My team and I spent the last month developing a brand manifesto for one of our hospital clients in Arkansas. It was truly a wonderful collaboration with the hospital’s marketing team. The purpose of the manifesto is for the organization to drive a stake in the ground – clearly declaring who it is, what it stands for and what it believes in. It is intentionally crafted to be a powerful, emotional document. This declaration gives us the foundation for all of the marketing we will produce and for the messages we will share with employees of the organization. It impacts our storytelling; and it impacts our decision-making. When we’re in doubt, we can hold ourselves and our marketing up to the brand manifesto and see if we are living up to the promises it contains. It is the beacon that guides us!
When we had a draft of the brand manifesto that we felt good about, we took one additional step. One of my co-workers and I, together with our client, spent the last two days meeting with small groups of the hospital’s employees to share the draft manifesto with them. You see, employees have a built-in BS meter. They can smell BS a mile away. We wanted them to read the manifesto and call out any red flags. Does it over promise? Does it use language that is inaccessible or unclear in any way? Are employees going to immediately dismiss it because it feels contrived? Can we live up to everything it promises? From a positive perspective, does it ring true with you? How does it make you feel when you read it?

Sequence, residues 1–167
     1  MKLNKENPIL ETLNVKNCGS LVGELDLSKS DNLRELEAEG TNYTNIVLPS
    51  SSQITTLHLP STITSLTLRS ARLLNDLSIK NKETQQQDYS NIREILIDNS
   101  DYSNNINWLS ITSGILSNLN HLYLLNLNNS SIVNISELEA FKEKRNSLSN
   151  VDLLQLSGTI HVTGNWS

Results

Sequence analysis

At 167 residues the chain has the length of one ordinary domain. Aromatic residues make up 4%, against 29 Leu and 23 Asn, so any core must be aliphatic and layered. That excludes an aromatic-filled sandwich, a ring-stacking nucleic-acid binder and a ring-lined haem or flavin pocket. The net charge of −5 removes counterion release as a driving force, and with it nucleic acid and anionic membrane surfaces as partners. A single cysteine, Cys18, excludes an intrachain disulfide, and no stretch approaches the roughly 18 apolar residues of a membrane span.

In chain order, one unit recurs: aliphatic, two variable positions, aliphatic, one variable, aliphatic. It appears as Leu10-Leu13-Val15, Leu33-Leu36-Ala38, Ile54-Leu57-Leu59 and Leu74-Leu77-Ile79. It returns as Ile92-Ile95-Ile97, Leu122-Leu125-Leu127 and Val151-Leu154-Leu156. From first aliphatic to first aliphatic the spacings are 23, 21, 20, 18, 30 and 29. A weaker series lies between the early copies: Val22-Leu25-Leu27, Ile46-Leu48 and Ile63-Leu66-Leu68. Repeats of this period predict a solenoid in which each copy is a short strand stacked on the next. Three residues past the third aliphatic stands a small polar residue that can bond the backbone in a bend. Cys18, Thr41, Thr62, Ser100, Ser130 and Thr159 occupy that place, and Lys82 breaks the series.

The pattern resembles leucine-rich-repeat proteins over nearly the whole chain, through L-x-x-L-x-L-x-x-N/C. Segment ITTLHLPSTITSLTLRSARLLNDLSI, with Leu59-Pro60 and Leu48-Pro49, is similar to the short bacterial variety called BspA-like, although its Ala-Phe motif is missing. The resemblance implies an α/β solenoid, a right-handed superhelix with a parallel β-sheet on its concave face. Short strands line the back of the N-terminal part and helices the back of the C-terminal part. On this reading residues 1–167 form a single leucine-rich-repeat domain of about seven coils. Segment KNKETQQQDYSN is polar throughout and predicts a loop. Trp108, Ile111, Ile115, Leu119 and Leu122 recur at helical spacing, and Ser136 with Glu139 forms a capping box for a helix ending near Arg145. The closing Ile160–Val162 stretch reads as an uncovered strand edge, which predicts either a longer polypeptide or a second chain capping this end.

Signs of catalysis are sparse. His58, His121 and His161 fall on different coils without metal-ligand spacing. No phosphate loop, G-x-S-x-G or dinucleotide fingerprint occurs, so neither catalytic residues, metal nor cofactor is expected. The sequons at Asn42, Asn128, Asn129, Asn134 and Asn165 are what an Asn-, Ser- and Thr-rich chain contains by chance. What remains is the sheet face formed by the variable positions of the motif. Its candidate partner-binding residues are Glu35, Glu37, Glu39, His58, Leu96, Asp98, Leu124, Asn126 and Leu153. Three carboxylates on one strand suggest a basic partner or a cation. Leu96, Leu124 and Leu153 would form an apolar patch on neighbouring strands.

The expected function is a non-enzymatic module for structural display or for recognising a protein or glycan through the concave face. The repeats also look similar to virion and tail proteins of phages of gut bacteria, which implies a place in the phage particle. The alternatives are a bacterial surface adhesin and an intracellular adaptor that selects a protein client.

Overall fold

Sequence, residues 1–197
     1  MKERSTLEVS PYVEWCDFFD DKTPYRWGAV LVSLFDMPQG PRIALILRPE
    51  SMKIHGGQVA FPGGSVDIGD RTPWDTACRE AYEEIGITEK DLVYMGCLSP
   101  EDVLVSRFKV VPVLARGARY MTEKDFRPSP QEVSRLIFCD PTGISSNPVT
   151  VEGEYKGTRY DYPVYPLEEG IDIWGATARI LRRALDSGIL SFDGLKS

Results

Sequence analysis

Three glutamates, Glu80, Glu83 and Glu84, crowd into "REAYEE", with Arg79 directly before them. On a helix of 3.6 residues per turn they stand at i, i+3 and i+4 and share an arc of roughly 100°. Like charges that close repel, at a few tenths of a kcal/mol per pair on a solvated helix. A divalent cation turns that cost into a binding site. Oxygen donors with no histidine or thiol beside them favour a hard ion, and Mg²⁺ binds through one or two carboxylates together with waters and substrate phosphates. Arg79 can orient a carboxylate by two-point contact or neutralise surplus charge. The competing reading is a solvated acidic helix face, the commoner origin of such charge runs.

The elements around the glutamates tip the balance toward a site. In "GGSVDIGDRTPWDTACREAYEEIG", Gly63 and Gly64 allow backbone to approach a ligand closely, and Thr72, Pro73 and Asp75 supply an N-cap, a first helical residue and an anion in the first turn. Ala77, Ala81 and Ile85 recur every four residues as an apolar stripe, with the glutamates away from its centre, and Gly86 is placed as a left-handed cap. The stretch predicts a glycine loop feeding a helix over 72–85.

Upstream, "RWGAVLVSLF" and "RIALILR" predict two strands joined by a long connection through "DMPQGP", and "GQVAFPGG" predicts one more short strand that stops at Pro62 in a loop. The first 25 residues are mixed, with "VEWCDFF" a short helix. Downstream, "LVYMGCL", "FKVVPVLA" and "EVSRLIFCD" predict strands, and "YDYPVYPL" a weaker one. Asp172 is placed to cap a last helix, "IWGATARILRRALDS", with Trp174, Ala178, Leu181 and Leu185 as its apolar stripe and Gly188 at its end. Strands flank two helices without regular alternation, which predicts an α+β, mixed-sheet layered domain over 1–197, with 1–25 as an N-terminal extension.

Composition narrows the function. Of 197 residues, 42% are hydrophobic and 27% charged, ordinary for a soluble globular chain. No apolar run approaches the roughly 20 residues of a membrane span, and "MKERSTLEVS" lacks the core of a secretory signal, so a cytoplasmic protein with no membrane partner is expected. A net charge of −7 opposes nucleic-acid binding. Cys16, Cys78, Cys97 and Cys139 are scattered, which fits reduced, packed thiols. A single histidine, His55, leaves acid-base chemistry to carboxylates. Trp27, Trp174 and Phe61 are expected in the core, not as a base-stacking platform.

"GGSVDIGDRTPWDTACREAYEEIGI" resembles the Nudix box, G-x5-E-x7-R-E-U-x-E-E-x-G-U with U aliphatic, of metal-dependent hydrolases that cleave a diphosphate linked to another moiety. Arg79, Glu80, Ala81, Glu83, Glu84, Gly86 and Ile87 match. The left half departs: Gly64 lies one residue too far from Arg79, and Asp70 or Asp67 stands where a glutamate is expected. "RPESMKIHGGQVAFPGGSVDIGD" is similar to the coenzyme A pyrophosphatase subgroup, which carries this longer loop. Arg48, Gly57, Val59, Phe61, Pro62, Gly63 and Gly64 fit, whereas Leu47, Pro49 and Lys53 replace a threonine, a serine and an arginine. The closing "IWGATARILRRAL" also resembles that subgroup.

I can report to you that today the brand manifesto is significantly different than the draft we walked in with on Monday morning! Wow. The employees helped us eliminate terminology that was just too complicated and not accessible. They also helped us remove language where the meaning wasn’t clear. Thankfully, they helped us shorten the manifesto and remove superfluous phrases and entire sentences.
Today, the brand manifesto is vastly improved and resonates with the target audience. Heck, the target audience played a significant role in helping us craft the document. They now own it.
The lesson: Good marketing is always built on insights from the target audience. I keep learning this lesson over and over again. My experience in Arkansas over the last two days just affirms this learning. Man, this has been one heck of a week and its only Wednesday!
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